Living Realistically: Incorporating Realistic Medicine into Health and Care

A conference to explore the challenges and opportunities of the Scottish Government Chief Medical Officer’s ‘Realistic Medicine’ concept was held in Dundee.
Realistic Medicine is a concept which puts the person receiving healthcare at the centre of decisions about their care. It encourages health and care workers to find out what matters to the person so that their care matches their needs.

Clinical and care staff, academics, patient representatives and members of the public from across Tayside and beyond attended the event at the University of Dundee. 
NHS Tayside Chief Executive Grant Archibald and Consultant in Emergency Medicine and Realistic Medicine Lead Dr Shobhan Thakore welcomed attendees to the conference. 

A number of speakers, including Deputy Chief Medical Officer for the Scottish Government Gregor Smith, medical professionals and public and patient representatives then gave short presentations about the Realistic Medicine agenda and the different perspectives and work ongoing in Tayside.

The afternoon session included four short workshops looking at the themes of shared decision making in prescribing, managing the risk of complaint when practicing realistic medicine, effective engagement with patients, carers and the public, and supporting individuals as the end of life draws near.

Grant Archibald, Chief Executive at NHS Tayside, welcomed attendees saying, “Realistic Medicine is a key component of our Transforming Tayside programme which aims to redesign services across the region to meet the challenges we face.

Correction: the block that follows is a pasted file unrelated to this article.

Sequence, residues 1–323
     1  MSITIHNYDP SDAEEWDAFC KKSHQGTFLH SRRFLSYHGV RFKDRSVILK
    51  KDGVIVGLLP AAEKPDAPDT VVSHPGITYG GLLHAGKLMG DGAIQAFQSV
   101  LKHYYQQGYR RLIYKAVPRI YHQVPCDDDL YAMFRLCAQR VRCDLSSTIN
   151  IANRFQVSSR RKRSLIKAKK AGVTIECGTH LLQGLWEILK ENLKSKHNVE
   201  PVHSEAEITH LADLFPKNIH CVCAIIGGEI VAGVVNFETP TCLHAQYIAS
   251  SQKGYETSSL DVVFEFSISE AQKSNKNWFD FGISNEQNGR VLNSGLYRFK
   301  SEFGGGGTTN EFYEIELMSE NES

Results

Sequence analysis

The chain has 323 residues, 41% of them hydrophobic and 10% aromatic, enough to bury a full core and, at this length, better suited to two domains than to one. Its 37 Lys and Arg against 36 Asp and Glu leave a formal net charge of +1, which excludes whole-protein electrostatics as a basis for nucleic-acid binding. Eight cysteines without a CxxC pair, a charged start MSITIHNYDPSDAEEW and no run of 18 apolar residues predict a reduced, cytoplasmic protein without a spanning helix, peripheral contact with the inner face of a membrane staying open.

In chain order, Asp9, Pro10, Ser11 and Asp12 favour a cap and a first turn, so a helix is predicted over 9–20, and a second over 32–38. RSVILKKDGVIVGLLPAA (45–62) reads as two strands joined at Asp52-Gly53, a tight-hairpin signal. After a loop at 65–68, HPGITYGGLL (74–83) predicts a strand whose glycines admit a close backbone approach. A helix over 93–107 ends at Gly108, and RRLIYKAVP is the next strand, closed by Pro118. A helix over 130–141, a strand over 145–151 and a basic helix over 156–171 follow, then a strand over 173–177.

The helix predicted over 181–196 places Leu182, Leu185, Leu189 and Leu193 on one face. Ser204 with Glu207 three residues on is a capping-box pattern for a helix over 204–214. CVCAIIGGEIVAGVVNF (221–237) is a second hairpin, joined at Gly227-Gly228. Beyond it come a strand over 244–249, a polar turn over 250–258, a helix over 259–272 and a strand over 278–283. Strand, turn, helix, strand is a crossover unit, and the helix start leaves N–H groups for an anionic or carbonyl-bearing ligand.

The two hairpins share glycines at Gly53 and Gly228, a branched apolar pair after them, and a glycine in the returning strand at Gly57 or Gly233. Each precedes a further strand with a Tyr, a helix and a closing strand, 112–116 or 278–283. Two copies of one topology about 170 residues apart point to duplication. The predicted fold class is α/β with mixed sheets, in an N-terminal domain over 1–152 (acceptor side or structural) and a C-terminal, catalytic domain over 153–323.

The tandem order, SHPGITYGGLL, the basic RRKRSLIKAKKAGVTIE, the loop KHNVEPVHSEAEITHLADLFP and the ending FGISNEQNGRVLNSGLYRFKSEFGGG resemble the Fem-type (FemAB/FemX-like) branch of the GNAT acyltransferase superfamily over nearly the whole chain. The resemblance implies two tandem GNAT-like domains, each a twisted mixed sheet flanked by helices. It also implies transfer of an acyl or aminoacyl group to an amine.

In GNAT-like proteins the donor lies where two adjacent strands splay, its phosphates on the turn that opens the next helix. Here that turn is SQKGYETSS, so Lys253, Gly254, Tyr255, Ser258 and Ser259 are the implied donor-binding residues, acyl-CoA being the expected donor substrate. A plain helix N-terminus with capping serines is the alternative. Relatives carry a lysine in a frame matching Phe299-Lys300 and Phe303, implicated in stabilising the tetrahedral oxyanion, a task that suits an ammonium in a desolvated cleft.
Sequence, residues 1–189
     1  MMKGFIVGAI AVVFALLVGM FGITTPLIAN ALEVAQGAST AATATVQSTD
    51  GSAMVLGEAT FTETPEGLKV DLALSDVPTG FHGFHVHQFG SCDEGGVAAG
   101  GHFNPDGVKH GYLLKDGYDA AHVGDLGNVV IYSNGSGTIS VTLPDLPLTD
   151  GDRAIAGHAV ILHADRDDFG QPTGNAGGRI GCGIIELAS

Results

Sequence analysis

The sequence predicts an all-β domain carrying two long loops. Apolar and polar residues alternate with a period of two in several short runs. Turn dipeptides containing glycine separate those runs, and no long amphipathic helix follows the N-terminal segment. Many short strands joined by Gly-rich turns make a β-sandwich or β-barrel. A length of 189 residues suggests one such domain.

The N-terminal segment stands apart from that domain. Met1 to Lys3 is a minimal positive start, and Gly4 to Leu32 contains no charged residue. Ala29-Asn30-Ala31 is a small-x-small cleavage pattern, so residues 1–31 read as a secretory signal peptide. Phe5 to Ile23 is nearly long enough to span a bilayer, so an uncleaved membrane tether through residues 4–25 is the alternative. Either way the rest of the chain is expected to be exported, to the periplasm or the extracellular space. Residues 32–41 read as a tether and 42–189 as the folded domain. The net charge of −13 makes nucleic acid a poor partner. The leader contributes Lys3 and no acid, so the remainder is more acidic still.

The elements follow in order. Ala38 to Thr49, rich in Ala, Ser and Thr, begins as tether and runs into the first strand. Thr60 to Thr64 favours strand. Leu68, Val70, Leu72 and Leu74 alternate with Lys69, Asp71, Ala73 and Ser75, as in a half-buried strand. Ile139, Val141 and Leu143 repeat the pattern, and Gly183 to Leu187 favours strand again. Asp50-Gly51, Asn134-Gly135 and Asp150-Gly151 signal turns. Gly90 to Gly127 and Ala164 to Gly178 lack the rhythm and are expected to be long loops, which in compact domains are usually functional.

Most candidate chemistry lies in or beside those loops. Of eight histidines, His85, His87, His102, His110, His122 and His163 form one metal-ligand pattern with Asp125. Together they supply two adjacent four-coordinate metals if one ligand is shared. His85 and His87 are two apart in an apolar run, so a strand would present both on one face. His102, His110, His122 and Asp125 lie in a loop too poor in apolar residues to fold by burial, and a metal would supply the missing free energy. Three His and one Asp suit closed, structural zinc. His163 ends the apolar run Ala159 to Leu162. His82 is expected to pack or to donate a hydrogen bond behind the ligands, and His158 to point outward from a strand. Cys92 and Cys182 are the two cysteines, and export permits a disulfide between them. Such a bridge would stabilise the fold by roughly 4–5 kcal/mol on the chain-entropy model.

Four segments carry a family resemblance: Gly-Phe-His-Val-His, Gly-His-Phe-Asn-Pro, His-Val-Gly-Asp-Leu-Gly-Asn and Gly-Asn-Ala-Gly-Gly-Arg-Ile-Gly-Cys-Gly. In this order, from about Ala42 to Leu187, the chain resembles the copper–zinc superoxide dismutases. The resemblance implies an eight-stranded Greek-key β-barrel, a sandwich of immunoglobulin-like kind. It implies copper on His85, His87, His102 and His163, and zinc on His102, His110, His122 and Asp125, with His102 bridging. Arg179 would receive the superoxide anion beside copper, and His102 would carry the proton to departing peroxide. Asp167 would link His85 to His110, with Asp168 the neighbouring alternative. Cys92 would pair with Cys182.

“Realistic Medicine has huge potential for us to do things differently in Tayside and put us at the vanguard of exciting change.

“I would like to thank everyone for coming along today to hear about this important agenda and thank the team involved in organising this event with such energy and commitment.”

Dr Thakore said, “The delivery of care has become more and more complex in recent years as people live longer and advances in medicine lead to more treatments being offered. Many people now take multiple medicines and are offered various procedures so we need to be careful that they want these, understand what the benefit might be and most importantly appreciate the complication that might occur. 

“Clinical staff and the public need to have more open conversations and time needs to be provided to let this happen. Properly sharing and agreeing decisions about treatment should lead to better care, less wastage and less harm.

“There needs to be a wider conversation about Realistic Medicine in Tayside and this conference was a very important first step in bringing this subject out to a wider audience. Many inspiring speakers gave examples of why we need to change our style of care and there were also many examples of really dedicated staff and public partners beginning to make this change. 

“The aim is to build on this enthusiasm and take forward more projects to help us realise the aim of the Chief Medical Officer for Scotland as described in Realistic Medicine.”